Excerpts from the book "TRAMP PRINTERS"
by John Howells and Marion Dearman
(Discovery Press, copyright 1996)

..and a Battered
Suitcase in Hand
by Franklin M. White
condensed from the ITU Journal Dec. 1969

THE STORY of that inimitable master craftsman of yesteryear, the “tramp printer” or roadster, is an American legend. His shirttail full of type, battered suitcase in hand and a grin that spanned the globe, this wandering, freewheeling individual sprinkled knowledge and literacy as enthusiastically as Johnny spread his Appleseed. Syracuse was a real “print town.” “Cincy” was the place to be. Frisco was “the spot.” But the landscape lover, the connoisseur of scenery, the tourist printer, needed no reason to move on.

Who was the Number One Traveler? No one knows or ever will. The title would have to be decided on the basis of mileage, number of traveling cards drawn, states worked in or most locals or chapels visited. No one kept score.
I have drawn few travelers, myself, having done most of my printing in the southern part of the United States. But I have known or seen nearly all the tourists of the past 50 years.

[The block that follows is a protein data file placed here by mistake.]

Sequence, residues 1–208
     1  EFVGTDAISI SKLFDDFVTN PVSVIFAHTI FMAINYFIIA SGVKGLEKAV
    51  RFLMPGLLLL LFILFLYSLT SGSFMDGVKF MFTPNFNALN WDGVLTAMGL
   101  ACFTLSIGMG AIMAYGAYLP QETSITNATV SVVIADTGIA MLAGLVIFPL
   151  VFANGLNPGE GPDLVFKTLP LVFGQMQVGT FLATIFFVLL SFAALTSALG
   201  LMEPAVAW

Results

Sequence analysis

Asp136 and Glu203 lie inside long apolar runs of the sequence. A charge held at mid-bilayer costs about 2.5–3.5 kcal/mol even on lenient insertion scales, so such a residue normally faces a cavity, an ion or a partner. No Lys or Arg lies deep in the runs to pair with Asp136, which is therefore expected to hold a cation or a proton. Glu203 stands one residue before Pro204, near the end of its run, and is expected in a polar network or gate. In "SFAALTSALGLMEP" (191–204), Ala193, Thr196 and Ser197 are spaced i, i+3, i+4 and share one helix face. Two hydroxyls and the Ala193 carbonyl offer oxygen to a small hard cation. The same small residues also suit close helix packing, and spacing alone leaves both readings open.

Some traveled for a time, then got “off the road.” Others continued for a lifetime. The roster is endless because it is unwritten. “Weary Willie” Waterhouse, Nate Bergman, the “Gadget" Reeves, “Shack” [or Shanty] House, “Muskogee Red,” “Bull” Kelly, “Fuzzy” Chapman, “Sentimental Sam” Ball, “Gulf Coast” Foley, “Poor” Bill O. Bundick, Gene Hadley, “Dixie” (I’ve Been Every) Ware. And I can’t forget “Rabbit” Ormond, “Harry the Huff,” Ed Bates, “Cactus Jack” Crawford, “Horrible Harrigan”—the list includes many, many others. The real travelers and subs have done more to enlarge and protect our union since its beginning than any  class. They toured the continent preaching unionism and solidarity.